This show of support for Nazis was perhaps an aggressive advertising technique designed to combat slander against the company. In 1936, Herr Flasch, who manufactured an imitation drink called Afri-Cola, began circulating flyers depicting Coca-Cola bottle caps from the U.S. with Hebrew inscriptions. Although the inscriptions were nothing but an indication that Coke was kosher, the flyers claimed to prove that Coca-Cola was a Jewish company. Sales plummeted, and Nazi party headquarters cancelled their orders. Keith denounced the accusations in The Stuermer, the official Nazi publication renowned for its vicious attacks against Jews. Coke was able to survive the fiasco, probably through the aggressive marketing techniques described above. Again, ironically, the Coke bottles in question pronounced that they were kosher to appeal to the American Jewish population at home; yet here was Keith, denying that Coca-Cola was a Jewish company, because to be a Jewish company would be a terrible thing.
Coca-Cola faced other problems in Germany, problems that the Company dealt with through behind the scenes political maneuvering. In 1936, Hermann Goring, Hitler's designated successor, introduced a Four-Year Plan, which restricted imports to a bare minimum in order to make Germany self-sufficient and ready for war. Although Coca-Cola tried hard to convince Goring that it really was a German business that deserved government support (it certainly conducted itself as a German business), Goring wouldn't budge. The supply of U.S. concentrate to Germany seemed doomed, "until Robert Woodruff pulled his magic strings." Woodruff used his New York banking connections to influence Goring to permit the importation of Coca-Cola concentrate. It has been suggested that the Company may have offered a bribe to Goring to secure the necessary import license. In order to reduce the imports to a minimum, Keith began making his own concentrate so that he needed only Merchandise No. 5 and 7X (comprising the secret formula) from America. Woodruff at the time apparently toyed with the idea of producing even these ingredients inside Nazi Germany if war broke out, but he finally abandoned the plan as impractical. This is the same man who pushed the image of Coca-Cola as the American patriotic drink, the same man who in a show of patriotism swore that all U.S. soldiers would have Coca-Cola wherever they went. Woodruff had obviously anticipated the war when he considered the possibility of making the ingredients in Germany and clearly had no qualms about providing Coca-Cola to both Germans and Americans. Yet by perpetuating the image of Coca-Cola as a symbol of freedom and democracy grounded in America, Woodruff should have felt more of an obligation to be true to the image he had created. If Coca-Cola had not done business in Nazi Germany, undoubtedly profits would have been lost, but surely a Company that prides itself on its image should not abandon its image simply to turn a profit.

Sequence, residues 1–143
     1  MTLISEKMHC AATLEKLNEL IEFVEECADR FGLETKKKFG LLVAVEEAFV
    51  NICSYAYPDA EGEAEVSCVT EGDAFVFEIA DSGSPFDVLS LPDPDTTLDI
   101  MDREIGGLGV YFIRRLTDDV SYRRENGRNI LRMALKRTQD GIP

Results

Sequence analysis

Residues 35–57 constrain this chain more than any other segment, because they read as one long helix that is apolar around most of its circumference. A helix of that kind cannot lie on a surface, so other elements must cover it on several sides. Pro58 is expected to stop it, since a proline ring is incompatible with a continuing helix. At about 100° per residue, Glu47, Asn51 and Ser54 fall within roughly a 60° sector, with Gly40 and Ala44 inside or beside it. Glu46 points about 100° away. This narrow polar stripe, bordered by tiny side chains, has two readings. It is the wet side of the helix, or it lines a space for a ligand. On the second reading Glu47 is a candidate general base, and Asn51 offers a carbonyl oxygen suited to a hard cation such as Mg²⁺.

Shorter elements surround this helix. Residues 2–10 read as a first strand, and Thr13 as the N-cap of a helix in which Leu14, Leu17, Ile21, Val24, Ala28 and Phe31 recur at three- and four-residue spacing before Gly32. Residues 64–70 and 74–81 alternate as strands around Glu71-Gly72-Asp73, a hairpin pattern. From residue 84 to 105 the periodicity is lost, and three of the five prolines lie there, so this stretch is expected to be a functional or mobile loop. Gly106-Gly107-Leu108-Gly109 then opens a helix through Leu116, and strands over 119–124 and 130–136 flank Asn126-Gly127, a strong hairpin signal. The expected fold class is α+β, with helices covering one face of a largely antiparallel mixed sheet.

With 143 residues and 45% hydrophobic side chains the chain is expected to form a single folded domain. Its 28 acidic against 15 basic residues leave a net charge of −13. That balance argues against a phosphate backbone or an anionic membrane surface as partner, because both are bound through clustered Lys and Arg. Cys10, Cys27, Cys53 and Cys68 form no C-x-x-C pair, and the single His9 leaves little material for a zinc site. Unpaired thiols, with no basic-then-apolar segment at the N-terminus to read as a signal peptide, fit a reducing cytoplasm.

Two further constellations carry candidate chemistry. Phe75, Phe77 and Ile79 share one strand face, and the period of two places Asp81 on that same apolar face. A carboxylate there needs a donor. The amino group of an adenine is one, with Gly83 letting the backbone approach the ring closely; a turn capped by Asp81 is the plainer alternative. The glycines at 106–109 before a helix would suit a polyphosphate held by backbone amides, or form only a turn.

It is interesting to note that in 1939, when Hitler's troops rolled into Poland, and England and France finally declared war, Keith (fearing that his supply of concentrate would be cut off by the exigencies of war) invented Fanta as an alternative drink to see the Company through the war. Fanta is still a brand of the Coca-Cola Company in wide circulation today around the world; what many may not know is that its origins are in Nazi Germany.
It is not particularly surprising, then, that Coca-Cola survived the war, since Coca-Cola was part of the Nazi state. The Company went well beyond mere complicity to outright endorsement of the regime in some instances, as the examples above demonstrate. Strangely enough, it seems that at the time Americans were not aware of Coca-Cola's activities in Germany and so did not appreciate the contradictions inherent in Coca-Cola's advertising during WWII. However, in the years to come people would question the image of Coke as a symbol of goodness, both in the U.S. and in countries abroad.